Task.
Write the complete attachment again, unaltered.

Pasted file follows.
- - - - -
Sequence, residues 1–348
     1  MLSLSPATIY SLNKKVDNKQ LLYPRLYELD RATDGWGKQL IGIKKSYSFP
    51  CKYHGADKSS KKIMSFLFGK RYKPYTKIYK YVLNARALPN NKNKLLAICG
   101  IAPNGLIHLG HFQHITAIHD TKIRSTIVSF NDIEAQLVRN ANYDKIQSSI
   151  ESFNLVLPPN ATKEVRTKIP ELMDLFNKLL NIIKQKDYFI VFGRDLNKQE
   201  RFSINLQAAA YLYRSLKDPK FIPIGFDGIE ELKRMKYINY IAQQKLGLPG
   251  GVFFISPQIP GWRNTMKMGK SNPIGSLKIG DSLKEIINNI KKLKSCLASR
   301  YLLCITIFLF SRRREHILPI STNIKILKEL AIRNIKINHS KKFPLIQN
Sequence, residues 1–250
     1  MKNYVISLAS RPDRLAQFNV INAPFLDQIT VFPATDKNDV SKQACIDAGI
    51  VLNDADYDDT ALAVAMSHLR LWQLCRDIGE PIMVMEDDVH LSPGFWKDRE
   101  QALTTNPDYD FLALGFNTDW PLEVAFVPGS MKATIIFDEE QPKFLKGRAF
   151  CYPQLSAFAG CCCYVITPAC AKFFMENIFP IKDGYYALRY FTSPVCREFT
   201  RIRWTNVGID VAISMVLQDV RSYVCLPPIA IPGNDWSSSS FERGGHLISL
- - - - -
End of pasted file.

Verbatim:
Sequence, residues 1–348
     1  MLSLSPATIY SLNKKVDNKQ LLYPRLYELD RATDGWGKQL IGIKKSYSFP
    51  CKYHGADKSS KKIMSFLFGK RYKPYTKIYK YVLNARALPN NKNKLLAICG
   101  IAPNGLIHLG HFQHITAIHD TKIRSTIVSF NDIEAQLVRN ANYDKIQSSI
   151  ESFNLVLPPN ATKEVRTKIP ELMDLFNKLL NIIKQKDYFI VFGRDLNKQE
   201  RFSINLQAAA YLYRSLKDPK FIPIGFDGIE ELKRMKYINY IAQQKLGLPG
   251  GVFFISPQIP GWRNTMKMGK SNPIGSLKIG DSLKEIINNI KKLKSCLASR
   301  YLLCITIFLF SRRREHILPI STNIKILKEL AIRNIKINHS KKFPLIQN
Sequence, residues 1–250
     1  MKNYVISLAS RPDRLAQFNV INAPFLDQIT VFPATDKNDV SKQACIDAGI
    51  VLNDADYDDT ALAVAMSHLR LWQLCRDIGE PIMVMEDDVH LSPGFWKDRE
   101  QALTTNPDYD FLALGFNTDW PLEVAFVPGS MKATIIFDEE QPKFLKGRAF
   151  CYPQLSAFAG CCCYVITPAC AKFFMENIFP IKDGYYALRY FTSPVCREFT
   201  RIRWTNVGID VAISMVLQDV RSYVCLPPIA IPGNDWSSSS FERGGHLISL